Can you see how these factor-multiple chains work? Find the chain which contains the smallest possible numbers. How about the largest possible numbers?

Norrie sees two lights flash at the same time, then one of them flashes every 4th second, and the other flashes every 5th second. How many times do they flash together during a whole minute?

Can you complete this jigsaw of the multiplication square?

Four of these clues are needed to find the chosen number on this grid and four are true but do nothing to help in finding the number. Can you sort out the clues and find the number?

This package will help introduce children to, and encourage a deep exploration of, multiples.

What is the lowest number which always leaves a remainder of 1 when divided by each of the numbers from 2 to 10?

Can you find the chosen number from the grid using the clues?

Work out Tom's number from the answers he gives his friend. He will only answer 'yes' or 'no'.

You can make a calculator count for you by any number you choose. You can count by ones to reach 24. You can count by twos to reach 24. What else can you count by to reach 24?

Which is quicker, counting up to 30 in ones or counting up to 300 in tens? Why?

Pat counts her sweets in different groups and both times she has some left over. How many sweets could she have had?

Can you work out some different ways to balance this equation?

Have a go at balancing this equation. Can you find different ways of doing it?

Can you complete this calculation by filling in the missing numbers? In how many different ways can you do it?

Becky created a number plumber which multiplies by 5 and subtracts 4. What do you notice about the numbers that it produces? Can you explain your findings?

Number problems at primary level that may require determination.

Number problems at primary level to work on with others.

This big box multiplies anything that goes inside it by the same number. If you know the numbers that come out, what multiplication might be going on in the box?

If there is a ring of six chairs and thirty children must either sit on a chair or stand behind one, how many children will be behind each chair?

56 406 is the product of two consecutive numbers. What are these two numbers?

Look at the squares in this problem. What does the next square look like? I draw a square with 81 little squares inside it. How long and how wide is my square?

Use this grid to shade the numbers in the way described. Which numbers do you have left? Do you know what they are called?

There are ten children in Becky's group. Can you find a set of numbers for each of them? Are there any other sets?

On the planet Vuv there are two sorts of creatures. The Zios have 3 legs and the Zepts have 7 legs. The great planetary explorer Nico counted 52 legs. How many Zios and how many Zepts were there?

If you have only four weights, where could you place them in order to balance this equaliser?

These red, yellow and blue spinners were each spun 45 times in total. Can you work out which numbers are on each spinner?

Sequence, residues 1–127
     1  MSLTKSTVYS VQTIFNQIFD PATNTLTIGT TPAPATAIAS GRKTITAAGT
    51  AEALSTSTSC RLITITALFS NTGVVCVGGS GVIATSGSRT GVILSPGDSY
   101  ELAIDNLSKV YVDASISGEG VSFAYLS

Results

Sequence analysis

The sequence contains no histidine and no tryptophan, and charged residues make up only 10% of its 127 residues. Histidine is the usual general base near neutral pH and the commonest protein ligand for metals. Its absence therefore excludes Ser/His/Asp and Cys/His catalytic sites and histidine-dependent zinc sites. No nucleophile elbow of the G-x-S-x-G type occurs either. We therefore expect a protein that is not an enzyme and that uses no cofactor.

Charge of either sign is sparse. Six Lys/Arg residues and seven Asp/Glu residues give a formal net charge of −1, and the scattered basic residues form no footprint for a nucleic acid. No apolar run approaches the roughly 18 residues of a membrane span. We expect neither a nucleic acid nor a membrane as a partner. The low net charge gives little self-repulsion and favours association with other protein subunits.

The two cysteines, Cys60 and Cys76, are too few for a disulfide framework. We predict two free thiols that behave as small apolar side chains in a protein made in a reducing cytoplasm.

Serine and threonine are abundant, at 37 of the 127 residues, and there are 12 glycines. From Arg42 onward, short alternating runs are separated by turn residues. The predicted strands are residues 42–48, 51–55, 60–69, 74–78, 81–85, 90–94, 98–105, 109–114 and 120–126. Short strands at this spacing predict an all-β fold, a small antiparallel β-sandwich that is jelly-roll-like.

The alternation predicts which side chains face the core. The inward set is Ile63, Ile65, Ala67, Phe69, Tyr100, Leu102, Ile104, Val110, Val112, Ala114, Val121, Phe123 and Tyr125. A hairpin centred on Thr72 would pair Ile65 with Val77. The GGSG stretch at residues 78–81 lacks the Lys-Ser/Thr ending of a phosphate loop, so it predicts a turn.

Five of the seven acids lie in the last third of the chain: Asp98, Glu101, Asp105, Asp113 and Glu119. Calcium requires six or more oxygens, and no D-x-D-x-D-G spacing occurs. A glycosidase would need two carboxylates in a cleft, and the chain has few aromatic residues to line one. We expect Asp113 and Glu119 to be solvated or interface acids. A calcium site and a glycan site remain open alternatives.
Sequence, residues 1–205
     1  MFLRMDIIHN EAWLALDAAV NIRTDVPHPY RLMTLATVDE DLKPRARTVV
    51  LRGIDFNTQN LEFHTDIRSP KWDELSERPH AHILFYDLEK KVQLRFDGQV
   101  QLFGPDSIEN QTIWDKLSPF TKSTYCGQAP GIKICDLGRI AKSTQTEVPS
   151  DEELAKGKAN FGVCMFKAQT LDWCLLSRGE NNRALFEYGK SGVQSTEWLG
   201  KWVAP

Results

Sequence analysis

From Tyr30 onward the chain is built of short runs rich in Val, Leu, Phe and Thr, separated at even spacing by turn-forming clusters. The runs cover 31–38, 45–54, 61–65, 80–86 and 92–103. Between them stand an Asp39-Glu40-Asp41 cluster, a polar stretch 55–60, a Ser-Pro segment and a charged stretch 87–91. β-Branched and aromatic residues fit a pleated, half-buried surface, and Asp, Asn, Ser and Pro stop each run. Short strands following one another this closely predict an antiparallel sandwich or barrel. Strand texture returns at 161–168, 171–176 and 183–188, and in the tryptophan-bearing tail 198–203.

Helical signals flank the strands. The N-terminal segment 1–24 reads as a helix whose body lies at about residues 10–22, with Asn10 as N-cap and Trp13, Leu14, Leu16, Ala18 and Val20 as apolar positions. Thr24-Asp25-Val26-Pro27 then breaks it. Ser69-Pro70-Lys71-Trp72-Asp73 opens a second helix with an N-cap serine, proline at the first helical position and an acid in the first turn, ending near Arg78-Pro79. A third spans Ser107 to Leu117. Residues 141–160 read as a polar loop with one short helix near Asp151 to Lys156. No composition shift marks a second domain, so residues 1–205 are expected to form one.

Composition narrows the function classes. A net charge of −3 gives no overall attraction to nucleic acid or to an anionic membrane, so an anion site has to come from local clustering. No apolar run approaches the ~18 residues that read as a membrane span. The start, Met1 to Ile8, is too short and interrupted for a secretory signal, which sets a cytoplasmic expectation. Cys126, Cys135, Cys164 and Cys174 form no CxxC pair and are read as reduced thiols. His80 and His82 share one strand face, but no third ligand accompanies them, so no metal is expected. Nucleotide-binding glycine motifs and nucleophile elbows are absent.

In a square in which the houses are evenly spaced, numbers 3 and 10 are opposite each other. What is the smallest and what is the largest possible number of houses in the square?

An investigation that gives you the opportunity to make and justify predictions.

Can you work out how to balance this equaliser? You can put more than one weight on a hook.

In this problem we are looking at sets of parallel sticks that cross each other. What is the least number of crossings you can make? And the greatest?

There are a number of coins on a table. One quarter of the coins show heads. If I turn over 2 coins, then one third show heads. How many coins are there altogether?

How can you use just one weighing to find out which box contains the lighter ten coins out of the ten boxes?

Can you find any perfect numbers? Read this article to find out more...

This article for teachers describes how number arrays can be a useful reprentation for many number concepts.

Complete the magic square using the numbers 1 to 25 once each. Each row, column and diagonal adds up to 65.

In this maze of hexagons, you start in the centre at 0. The next hexagon must be a multiple of 2 and the next a multiple of 5. What are the possible paths you could take?

I am thinking of three sets of numbers less than 101. Can you find all the numbers in each set from these clues?

Factor track is not a race but a game of skill. The idea is to go round the track in as few moves as possible, keeping to the rules.

Use cubes to continue making the numbers from 7 to 20. Are they sticks, rectangles or squares?

Look at three 'next door neighbours' amongst the counting numbers. Add them together. What do you notice?

Suppose we allow ourselves to use three numbers less than 10 and multiply them together. How many different products can you find? How do you know you've got them all?

Four of these clues are needed to find the chosen number on this grid and four are true but do nothing to help in finding the number. Can you sort out the clues and find the number?

Got It game for an adult and child. How can you play so that you know you will always win?

Can you order the digits from 1-3 to make a number which is divisible by 3 so when the last digit is removed it becomes a 2-figure number divisible by 2, and so on?